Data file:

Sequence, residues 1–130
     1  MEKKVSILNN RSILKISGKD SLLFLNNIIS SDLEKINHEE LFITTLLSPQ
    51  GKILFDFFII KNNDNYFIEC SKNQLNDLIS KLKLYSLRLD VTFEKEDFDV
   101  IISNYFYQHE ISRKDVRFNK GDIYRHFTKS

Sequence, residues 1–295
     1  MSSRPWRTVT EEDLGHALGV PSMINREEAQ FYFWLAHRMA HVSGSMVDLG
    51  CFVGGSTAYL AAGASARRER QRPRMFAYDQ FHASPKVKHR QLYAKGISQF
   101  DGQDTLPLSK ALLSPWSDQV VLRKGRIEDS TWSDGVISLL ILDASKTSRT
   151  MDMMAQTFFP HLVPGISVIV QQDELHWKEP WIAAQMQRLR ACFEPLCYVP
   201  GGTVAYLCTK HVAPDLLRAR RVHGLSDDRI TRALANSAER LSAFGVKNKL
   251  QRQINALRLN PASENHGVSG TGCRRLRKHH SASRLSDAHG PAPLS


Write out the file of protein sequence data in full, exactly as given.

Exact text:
Sequence, residues 1–130
     1  MEKKVSILNN RSILKISGKD SLLFLNNIIS SDLEKINHEE LFITTLLSPQ
    51  GKILFDFFII KNNDNYFIEC SKNQLNDLIS KLKLYSLRLD VTFEKEDFDV
   101  IISNYFYQHE ISRKDVRFNK GDIYRHFTKS

Sequence, residues 1–295
     1  MSSRPWRTVT EEDLGHALGV PSMINREEAQ FYFWLAHRMA HVSGSMVDLG
    51  CFVGGSTAYL AAGASARRER QRPRMFAYDQ FHASPKVKHR QLYAKGISQF
   101  DGQDTLPLSK ALLSPWSDQV VLRKGRIEDS TWSDGVISLL ILDASKTSRT
   151  MDMMAQTFFP HLVPGISVIV QQDELHWKEP WIAAQMQRLR ACFEPLCYVP
   201  GGTVAYLCTK HVAPDLLRAR RVHGLSDDRI TRALANSAER LSAFGVKNKL
   251  QRQINALRLN PASENHGVSG TGCRRLRKHH SASRLSDAHG PAPLS